Feb 15 – 19, 2016
Vienna University of Technology
Europe/Vienna timezone

Operating performance of GCT: an end-to end Schwarzchild-Couder telescope prototype for the Cherenkov Telescope Array

Feb 18, 2016, 4:30 PM
20m
EI8 (Vienna University of Technology)

EI8

Vienna University of Technology

Gusshausstraße 27-29, 1040 Wien
Talk Astroparticle Detectors Astroparticle Detectors

Speaker

Dr Jean-Laurent Dournaux (GEPI, Observatoire de Paris, CNRS, PSL Research University, Université Paris Diderot)

Description

The Cherenkov Telescope Array (CTA) project aims to build the next generation ground-based Very High Energy instrument. It will be devoted to the observation of gamma rays over a wide band of energy, from 20 GeV to 300 TeV. Two sites are foreseen, one in the northern and the other in the southern hemisphere, allowing the viewing of the whole sky. The southern hemisphere array will consist of three types of telescopes with different mirror areas covering the low, intermediate and high energy domains. The high energy telescopes operate from 5 TeV to 300 TeV and will consist of a large number of Small Size Telescopes (SSTs) with a field-of-view of around 10 degrees. The Gamma-ray Cherenkov Telescope (GCT), a telescope based on a Schwarzschild-Couder dual-mirror optical design is one of the proposed CTA telescope designs for which an end-to-end prototype is currently being built. The assembly of the GCT started on the French site of the Observatoire de Paris in spring 2015. The camera has been mainly assembled in Leicester and has been integrated in the GCT in fall 2015. The telescope is now fully assembled and operational. Its characteristics as well as its performance in the context of CTA specifications are presented in this contribution.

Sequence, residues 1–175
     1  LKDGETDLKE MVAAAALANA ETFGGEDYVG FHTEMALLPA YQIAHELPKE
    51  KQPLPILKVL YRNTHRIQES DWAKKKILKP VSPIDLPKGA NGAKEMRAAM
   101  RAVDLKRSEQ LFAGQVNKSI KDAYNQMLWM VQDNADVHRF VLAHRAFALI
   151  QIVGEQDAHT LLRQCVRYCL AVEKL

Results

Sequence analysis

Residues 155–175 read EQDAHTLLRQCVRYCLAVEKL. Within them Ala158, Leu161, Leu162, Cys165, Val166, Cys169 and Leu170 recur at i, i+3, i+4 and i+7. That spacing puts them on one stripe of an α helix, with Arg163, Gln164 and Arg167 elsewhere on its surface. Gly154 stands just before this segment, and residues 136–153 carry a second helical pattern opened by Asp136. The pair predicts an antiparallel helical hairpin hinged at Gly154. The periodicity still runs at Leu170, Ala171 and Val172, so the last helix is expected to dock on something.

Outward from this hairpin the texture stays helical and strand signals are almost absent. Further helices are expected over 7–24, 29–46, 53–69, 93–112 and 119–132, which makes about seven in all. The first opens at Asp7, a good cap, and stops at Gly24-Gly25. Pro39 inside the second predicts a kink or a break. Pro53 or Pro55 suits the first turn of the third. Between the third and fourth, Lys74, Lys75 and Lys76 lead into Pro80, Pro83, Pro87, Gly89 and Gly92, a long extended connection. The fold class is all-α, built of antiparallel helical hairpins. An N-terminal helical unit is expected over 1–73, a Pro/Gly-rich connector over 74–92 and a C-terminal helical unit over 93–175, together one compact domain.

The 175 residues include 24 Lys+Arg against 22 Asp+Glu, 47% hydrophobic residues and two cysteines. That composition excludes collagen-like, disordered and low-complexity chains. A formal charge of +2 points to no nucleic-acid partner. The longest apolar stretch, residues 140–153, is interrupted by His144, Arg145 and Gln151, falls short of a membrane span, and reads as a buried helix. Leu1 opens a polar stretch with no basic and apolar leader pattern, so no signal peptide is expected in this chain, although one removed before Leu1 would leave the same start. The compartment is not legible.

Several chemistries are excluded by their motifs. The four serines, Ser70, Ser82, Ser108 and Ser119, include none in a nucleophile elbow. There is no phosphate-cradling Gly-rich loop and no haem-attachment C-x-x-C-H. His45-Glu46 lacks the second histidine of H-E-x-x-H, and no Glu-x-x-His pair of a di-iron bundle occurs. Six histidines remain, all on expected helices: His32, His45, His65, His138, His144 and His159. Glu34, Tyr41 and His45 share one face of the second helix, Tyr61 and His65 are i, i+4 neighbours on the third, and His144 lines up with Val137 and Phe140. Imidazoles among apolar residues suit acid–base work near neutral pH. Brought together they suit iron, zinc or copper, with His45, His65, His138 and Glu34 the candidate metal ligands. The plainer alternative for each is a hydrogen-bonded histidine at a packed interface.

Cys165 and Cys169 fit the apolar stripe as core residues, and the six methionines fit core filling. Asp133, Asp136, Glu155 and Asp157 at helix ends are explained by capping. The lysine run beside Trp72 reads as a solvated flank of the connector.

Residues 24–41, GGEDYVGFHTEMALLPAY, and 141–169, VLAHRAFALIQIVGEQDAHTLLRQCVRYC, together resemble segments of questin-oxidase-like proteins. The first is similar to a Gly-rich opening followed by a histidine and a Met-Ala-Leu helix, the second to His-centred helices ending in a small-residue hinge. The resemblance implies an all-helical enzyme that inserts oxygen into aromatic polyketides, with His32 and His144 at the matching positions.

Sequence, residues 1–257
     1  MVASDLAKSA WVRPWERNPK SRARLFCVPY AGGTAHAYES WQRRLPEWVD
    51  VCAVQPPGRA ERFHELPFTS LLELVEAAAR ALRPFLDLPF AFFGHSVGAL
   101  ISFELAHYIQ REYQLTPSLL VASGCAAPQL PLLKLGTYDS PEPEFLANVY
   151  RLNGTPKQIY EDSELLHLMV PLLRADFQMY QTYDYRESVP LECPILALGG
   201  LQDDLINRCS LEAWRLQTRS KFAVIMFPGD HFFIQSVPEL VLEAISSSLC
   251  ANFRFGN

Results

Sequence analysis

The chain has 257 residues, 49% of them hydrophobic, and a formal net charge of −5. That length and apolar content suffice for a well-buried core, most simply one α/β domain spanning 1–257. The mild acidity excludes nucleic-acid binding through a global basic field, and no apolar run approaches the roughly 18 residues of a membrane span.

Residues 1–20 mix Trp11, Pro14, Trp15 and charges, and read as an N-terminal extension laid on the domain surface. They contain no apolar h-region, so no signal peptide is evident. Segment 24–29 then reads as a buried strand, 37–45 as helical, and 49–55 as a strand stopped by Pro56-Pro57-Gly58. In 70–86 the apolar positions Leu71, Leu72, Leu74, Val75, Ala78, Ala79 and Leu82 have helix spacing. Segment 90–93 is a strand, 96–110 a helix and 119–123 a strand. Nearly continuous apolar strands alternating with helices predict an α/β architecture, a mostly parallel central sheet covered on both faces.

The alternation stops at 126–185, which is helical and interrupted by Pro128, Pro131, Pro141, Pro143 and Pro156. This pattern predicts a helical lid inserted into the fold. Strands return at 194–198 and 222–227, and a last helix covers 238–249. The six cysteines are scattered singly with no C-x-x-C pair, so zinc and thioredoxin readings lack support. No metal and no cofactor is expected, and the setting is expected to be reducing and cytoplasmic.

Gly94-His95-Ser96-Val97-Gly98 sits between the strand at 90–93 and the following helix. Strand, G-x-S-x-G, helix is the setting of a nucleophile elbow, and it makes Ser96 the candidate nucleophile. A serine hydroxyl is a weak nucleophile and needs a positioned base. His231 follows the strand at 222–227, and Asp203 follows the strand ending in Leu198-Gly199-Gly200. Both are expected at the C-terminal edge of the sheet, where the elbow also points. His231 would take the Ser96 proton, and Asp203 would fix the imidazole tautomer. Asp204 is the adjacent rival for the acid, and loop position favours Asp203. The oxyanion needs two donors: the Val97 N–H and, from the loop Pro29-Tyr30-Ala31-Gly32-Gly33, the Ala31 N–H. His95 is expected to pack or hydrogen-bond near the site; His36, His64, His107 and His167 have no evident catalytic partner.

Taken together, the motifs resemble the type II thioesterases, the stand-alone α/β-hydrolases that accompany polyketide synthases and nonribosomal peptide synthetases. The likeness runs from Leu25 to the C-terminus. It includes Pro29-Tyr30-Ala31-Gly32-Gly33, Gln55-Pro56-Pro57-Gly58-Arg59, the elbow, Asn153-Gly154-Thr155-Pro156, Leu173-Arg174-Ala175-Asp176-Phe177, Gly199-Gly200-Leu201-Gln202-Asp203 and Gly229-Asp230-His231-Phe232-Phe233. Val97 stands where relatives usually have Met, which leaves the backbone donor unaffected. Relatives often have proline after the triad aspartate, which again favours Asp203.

Primary authors

Dr Arnim Balzer (Universiteit van Amsterdam) Prof. Hélène Sol (LUTH, Observatoire de Paris, CNRS, PSL Research University, Université Paris Diderot) Dr Jean-Laurent Dournaux (GEPI, Observatoire de Paris, CNRS, PSL Research University, Université Paris Diderot) Dr Richard White (Max-Planck-Institut für Kernphysik) Prof. Tim Greenshaw (Liverpool University)

Presentation materials